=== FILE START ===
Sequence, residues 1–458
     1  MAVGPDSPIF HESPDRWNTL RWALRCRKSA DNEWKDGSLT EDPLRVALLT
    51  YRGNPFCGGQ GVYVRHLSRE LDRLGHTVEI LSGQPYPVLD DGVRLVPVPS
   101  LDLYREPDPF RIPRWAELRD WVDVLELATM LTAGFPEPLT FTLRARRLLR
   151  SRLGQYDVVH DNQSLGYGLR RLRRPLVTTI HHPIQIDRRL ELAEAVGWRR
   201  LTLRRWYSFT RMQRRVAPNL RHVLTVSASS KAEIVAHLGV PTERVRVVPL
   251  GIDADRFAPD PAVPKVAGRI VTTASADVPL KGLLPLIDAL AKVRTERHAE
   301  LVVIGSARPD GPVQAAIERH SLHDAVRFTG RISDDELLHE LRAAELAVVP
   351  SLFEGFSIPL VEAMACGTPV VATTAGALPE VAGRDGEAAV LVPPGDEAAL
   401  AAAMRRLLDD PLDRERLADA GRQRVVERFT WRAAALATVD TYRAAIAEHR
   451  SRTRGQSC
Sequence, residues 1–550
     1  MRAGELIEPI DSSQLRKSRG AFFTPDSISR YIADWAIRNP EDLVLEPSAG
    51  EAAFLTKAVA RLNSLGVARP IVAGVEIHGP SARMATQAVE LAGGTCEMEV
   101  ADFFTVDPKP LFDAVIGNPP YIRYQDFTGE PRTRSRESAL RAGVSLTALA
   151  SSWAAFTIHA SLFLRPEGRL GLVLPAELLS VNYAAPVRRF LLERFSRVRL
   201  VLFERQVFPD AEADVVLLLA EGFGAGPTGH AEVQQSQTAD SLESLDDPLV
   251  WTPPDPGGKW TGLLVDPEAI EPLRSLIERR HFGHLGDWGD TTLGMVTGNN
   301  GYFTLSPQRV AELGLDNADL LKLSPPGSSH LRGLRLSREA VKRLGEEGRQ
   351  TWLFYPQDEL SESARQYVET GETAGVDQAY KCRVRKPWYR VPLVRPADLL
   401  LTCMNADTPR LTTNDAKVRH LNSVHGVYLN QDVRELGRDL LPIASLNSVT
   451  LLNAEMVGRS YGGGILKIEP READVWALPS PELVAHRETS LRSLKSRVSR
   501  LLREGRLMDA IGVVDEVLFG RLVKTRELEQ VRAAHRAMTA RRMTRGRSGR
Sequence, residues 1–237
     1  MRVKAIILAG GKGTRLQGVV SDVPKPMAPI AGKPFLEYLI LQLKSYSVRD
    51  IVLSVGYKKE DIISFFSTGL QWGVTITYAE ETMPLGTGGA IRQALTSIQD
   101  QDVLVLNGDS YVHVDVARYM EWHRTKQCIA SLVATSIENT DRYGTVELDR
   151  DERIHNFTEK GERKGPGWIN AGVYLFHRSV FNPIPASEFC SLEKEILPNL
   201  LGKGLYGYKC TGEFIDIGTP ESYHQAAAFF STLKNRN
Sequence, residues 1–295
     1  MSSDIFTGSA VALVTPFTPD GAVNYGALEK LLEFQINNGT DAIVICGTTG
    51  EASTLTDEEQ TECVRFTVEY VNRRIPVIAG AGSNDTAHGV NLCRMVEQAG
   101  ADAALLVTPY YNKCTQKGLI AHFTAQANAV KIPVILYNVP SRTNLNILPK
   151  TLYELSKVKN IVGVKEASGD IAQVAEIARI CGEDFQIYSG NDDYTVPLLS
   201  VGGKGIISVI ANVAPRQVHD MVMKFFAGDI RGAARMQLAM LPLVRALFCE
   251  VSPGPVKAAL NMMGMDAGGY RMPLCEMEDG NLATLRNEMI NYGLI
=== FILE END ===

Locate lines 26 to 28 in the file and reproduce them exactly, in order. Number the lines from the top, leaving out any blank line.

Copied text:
    51  IVLSVGYKKE DIISFFSTGL QWGVTITYAE ETMPLGTGGA IRQALTSIQD
   101  QDVLVLNGDS YVHVDVARYM EWHRTKQCIA SLVATSIENT DRYGTVELDR
   151  DERIHNFTEK GERKGPGWIN AGVYLFHRSV FNPIPASEFC SLEKEILPNL